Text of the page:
Formula 1

Daniel Ricciardo’s Departures: Unraveling the Selfish Label and Career Choices

Analyzing the Impact of Daniel Ricciardo's Moves on Renault, McLaren, and the 2023 F1 Season

Former F1 Renault boss Cyril Abiteboul revealed that Daniel Ricciardo was characterized as “selfish” in his departure from the team during the tumultuous 2020 season, marked by the challenges of the Covid-19 pandemic. Additionally, he sheds light on the driver’s questionable career decisions, particularly his early departures from Renault and McLaren.

Ricciardo sent shockwaves through the Formula 1 world when he announced his departure from Red Bull Racing in 2018, opting to join Renault. The move was met with both excitement and skepticism, as many wondered if he could help transform Renault into a competitive force once more. However, after a rather challenging 2019 season, Ricciardo’s critics grew louder.

The turning point came in the 2020 campaign when Ricciardo secured two podium finishes for Renault, showcasing his talent and reaffirming his status as one of F1’s top drivers. It was during this period that he inked a deal to switch to McLaren for the 2021 season, marking another significant career move.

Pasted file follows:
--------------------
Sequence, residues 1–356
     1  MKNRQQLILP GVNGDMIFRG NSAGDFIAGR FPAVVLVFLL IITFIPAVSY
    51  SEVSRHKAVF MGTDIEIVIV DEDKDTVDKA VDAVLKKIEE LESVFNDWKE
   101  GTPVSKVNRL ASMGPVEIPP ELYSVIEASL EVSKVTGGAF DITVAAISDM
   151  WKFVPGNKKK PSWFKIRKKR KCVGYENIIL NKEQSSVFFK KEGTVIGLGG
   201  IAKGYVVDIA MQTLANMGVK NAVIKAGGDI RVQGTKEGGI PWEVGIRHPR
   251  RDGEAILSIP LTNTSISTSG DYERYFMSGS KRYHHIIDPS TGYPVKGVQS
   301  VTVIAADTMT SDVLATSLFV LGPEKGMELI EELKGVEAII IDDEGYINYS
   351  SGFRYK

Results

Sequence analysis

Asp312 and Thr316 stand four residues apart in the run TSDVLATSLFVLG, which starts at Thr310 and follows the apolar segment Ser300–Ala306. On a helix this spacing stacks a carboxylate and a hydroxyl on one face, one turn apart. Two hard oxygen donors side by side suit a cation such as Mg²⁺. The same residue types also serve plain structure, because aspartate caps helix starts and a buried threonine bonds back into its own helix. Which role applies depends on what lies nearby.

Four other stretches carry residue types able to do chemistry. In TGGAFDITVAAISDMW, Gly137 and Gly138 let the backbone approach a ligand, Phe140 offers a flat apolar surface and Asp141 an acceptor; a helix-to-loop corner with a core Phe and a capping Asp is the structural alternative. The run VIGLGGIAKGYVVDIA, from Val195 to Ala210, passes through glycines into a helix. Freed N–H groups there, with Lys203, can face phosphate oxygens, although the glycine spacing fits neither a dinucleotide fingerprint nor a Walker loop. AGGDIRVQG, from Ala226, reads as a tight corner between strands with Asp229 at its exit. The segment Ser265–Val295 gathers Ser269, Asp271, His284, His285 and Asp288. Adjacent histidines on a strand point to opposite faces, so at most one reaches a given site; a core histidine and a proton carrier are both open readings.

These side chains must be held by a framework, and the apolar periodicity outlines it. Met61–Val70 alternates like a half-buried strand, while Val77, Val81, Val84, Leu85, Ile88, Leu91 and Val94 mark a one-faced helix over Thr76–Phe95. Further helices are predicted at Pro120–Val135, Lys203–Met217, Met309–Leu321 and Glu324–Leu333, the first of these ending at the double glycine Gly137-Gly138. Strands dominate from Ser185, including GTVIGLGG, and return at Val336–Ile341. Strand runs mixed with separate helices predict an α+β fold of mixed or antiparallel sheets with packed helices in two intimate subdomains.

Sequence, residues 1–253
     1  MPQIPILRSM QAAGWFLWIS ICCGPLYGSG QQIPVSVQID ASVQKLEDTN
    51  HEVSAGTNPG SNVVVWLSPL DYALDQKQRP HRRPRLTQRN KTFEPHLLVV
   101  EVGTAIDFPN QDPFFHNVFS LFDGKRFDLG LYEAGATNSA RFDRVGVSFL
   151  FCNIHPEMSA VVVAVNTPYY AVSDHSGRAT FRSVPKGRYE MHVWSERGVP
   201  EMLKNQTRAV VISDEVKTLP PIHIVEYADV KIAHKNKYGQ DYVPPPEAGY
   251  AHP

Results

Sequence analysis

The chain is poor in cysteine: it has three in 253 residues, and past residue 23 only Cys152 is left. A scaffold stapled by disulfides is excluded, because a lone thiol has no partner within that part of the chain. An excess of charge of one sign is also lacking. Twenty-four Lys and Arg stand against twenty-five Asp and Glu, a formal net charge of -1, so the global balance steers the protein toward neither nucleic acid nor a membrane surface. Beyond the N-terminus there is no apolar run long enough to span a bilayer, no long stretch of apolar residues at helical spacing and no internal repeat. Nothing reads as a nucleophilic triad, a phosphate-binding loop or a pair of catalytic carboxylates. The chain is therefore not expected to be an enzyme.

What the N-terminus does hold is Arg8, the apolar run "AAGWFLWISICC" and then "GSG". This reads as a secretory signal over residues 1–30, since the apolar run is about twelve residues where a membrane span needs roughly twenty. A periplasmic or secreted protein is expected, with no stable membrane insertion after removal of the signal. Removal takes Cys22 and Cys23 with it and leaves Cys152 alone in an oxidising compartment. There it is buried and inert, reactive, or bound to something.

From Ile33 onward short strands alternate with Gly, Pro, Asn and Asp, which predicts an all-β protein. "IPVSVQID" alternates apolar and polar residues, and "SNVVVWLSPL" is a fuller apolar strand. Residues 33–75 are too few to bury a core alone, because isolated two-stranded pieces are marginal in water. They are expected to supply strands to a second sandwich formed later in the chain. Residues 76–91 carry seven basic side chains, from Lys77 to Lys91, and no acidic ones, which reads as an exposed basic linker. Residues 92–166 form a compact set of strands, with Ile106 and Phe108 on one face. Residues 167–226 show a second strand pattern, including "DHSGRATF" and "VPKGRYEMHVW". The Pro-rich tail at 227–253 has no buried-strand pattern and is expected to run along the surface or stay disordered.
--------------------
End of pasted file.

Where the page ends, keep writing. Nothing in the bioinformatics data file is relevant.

Unfortunately, Ricciardo’s struggles continued with McLaren, leading to an agreement to terminate his contract toward the end of the 2022 season. It was a decision that raised eyebrows and prompted discussions about the reasons behind his struggles in adapting to different teams and cars.

Fast forward to the end of the 2023 season, and one cannot help but notice that the McLaren F1 car is now the one that comes closest to challenging Red Bull’s dominance in the title race. The irony of the situation is evident, given Ricciardo’s initial decision to leave Red Bull, which was then followed by his departure from both Renault and McLaren, both teams showing signs of improvement after his departure.

During his appearance on the Dans La Boîte À Gants podcast, Abiteboul expressed his disappointment regarding Ricciardo’s choice to depart from Renault during a season marred by the pandemic. He remarked: